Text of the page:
This creates a List with the values found in the Total Sales column of the previous step (Grouped Rows). We use List.Buffer for stability and to optimize performance as we’ll be using this later on. You might consider using List.Buffer in times like this where you might be using that list a few times and recalculating that List might hit you pretty bad in terms of performance. I also noticed that all the steps done prior to the Grouping By were not folded (as in not being used in the query folding), so everything from the Group By operation is now done locally at your computer.

The result of the previous operation gives us a List like the following:


Now that we’re done creating that list, we need to go back to where we were by adding another custom step. Click on the FX icon in the formula bar and add the name of your previous step as its shown in the image below:



Step 5: Add the Cumulative Column

There are many ways to create this cumulative column, but the 2 most efficient ones are:

  • Using an Index column as a parameter combined with functions like List.Range, List.FirstN, List.Generate and then add the resultant list with functions like List.Sum or List Accumulate.
    • This often requires that you do a sorting prior to the previous step so you can get the data arranged in a descending or ascending way as required and it may often add some unnecessary steps or complexity.
  • Using List.Select
    • The more straightforward way and it replicates what Marco and Alberto did with the EARLIER function in DAX

In our case, we’ll go with List.Select and add a new custom column like this:


Big thanks to Curt Hagenlocher from the MSFT Power Query team for helping me figure out the last few bits of this code. What it essentially does is basically take a List (in our case is the list we created before with the stepname MyList) and then only bring the rows that meet a certain criteria. That 2nd argument is actually a function where x is the value found at each row of the list and [Total Sales] is the value acting as the criteria.


So, in short, we’re basically calculating a new list on a row by row basis in our current table that is the result of filtering the MyList list where the value from the column [Total Sales] needs to be lower or equal to the values in the MyList. Once we have that output list, we simply use the List.Sum function to sum it and the result can be seen on the previous image. As you can see, we haven’t sorted that table and we already see some promising results.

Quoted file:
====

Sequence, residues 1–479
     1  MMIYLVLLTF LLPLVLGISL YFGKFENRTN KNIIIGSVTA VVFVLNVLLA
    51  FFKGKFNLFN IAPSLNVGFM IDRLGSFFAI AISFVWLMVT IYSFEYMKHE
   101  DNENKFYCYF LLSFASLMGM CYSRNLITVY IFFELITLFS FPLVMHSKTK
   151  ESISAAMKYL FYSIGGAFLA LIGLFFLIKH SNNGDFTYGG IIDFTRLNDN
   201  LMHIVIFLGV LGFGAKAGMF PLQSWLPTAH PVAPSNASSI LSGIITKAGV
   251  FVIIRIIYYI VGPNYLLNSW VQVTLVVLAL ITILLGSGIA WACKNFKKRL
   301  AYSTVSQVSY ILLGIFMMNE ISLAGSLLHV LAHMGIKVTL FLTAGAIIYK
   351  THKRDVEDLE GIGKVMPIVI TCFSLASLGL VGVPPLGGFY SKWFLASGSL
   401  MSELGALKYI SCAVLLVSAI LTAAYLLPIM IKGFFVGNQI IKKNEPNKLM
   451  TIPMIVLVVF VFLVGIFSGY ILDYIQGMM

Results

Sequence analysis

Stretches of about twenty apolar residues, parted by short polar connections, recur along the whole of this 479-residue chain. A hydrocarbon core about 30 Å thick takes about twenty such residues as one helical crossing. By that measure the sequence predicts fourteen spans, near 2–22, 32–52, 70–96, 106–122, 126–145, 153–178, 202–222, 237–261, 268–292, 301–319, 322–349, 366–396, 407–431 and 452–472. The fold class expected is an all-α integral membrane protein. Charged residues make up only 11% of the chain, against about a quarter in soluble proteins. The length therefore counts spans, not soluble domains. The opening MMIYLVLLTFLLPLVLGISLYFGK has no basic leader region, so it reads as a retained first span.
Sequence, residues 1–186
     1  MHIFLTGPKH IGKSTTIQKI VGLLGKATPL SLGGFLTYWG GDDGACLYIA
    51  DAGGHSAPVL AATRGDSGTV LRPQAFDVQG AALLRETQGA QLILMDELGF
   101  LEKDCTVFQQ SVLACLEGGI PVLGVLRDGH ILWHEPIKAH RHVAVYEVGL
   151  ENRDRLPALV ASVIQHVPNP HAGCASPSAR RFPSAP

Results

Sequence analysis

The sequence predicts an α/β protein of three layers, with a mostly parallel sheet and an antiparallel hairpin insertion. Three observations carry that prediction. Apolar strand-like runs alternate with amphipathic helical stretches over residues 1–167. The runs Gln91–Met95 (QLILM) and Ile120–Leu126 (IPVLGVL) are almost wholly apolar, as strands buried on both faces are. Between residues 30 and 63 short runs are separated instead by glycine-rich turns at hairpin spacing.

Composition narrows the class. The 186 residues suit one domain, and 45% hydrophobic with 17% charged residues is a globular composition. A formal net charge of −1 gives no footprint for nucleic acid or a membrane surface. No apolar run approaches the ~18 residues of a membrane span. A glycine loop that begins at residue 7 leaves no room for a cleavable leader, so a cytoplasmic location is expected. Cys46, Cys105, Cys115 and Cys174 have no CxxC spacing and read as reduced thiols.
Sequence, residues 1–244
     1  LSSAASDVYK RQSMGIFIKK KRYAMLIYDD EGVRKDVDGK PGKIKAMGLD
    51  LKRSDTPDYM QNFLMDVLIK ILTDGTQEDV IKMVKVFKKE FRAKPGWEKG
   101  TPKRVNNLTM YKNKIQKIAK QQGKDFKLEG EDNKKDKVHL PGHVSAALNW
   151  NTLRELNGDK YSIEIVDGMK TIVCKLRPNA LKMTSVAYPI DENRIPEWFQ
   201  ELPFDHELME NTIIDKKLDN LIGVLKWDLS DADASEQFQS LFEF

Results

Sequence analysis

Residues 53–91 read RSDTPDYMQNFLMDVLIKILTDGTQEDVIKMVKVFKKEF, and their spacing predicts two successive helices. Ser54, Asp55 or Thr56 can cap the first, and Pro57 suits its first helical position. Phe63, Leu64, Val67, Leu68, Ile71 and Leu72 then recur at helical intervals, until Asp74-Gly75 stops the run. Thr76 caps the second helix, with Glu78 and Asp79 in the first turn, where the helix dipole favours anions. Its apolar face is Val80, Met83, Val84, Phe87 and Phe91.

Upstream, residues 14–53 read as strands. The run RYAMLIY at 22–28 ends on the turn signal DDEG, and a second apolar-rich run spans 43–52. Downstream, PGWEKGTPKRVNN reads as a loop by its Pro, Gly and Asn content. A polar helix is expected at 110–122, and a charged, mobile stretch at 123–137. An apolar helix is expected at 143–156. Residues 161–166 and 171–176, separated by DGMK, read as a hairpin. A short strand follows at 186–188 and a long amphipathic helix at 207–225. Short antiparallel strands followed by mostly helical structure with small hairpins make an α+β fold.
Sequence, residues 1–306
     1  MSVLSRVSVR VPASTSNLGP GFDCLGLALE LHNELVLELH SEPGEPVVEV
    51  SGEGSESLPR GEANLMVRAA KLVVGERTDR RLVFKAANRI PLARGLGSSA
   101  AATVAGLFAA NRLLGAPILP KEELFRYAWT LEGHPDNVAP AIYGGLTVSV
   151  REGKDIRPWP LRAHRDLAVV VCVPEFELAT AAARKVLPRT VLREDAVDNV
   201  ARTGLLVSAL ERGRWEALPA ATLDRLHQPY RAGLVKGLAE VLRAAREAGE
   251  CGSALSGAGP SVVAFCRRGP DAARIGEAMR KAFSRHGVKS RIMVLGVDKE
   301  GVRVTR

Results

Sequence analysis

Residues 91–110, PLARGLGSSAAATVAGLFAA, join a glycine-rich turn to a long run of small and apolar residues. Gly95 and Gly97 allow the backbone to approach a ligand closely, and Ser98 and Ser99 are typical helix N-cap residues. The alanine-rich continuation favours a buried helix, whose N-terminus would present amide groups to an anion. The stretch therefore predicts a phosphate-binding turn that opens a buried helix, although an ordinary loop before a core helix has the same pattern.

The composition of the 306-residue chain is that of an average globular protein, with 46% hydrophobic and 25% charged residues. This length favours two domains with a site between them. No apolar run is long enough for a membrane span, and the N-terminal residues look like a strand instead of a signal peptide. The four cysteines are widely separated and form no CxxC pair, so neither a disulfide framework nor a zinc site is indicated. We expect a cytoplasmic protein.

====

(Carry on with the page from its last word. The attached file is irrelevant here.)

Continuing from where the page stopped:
Step 6: Add the % and Classification column

We’re going to leave that sorting until the very end. For now, let’s focus on adding the needed columns using the following formulas:


After adding those 2 custom columns, our Table should look like this:


Step 7: Sorting & Rounding

We can now give in and sort the table as we want plus correct the decimals by rounding the numbers. The final result should look like this:


Other steps that we could do….

  • We could potentially add more data related to the product by simply merging queries
  • We could create multiple queries, 1 for each year or desired time-period,  and compare them all together
  • We could load this Directly to our Data Model
  • We could Group by Subcategory, Category or other attribute and do the ABC Analysis at that level

The Code

For the people that love looking at the code, I got you covered 🙂

    Source = Sql.Database(server, "AdventureWorks2012"),
    Sales_SalesOrderDetail = Source{[Schema="Sales",Item="SalesOrderDetail"]}[Data],
    #"Expanded Sales.SalesOrderHeader" = Table.ExpandRecordColumn(Sales_SalesOrderDetail, "Sales.SalesOrderHeader", {"OrderDate"}, {"OrderDate"}),
    #"Expanded Sales.SpecialOfferProduct" = Table.ExpandRecordColumn(#"Expanded Sales.SalesOrderHeader", "Sales.SpecialOfferProduct", {"Production.Product"}, {"Production.Product"}),
    #"Expanded Production.Product" = Table.ExpandRecordColumn(#"Expanded Sales.SpecialOfferProduct", "Production.Product", {"ProductNumber"}, {"ProductNumber"}),
    #"Filtered Rows" = Table.SelectRows(#"Expanded Production.Product", each Date.IsInPreviousNYears([OrderDate], 7)),
    #"Grouped Rows" = Table.Group(#"Filtered Rows", {"ProductNumber"}, {{"Total Sales", each List.Sum([LineTotal]), type number}}),
    MyList = List.Buffer(#"Grouped Rows"[Total Sales]),
    Custom1 = #"Grouped Rows",
    #"Added Custom" = Table.AddColumn(Custom1, "Acumulative", each List.Sum( List.Select(MyList, (x) => x>=[Total Sales]))),
    #"Changed Type" = Table.TransformColumnTypes(#"Added Custom",{{"Acumulative", type number}}),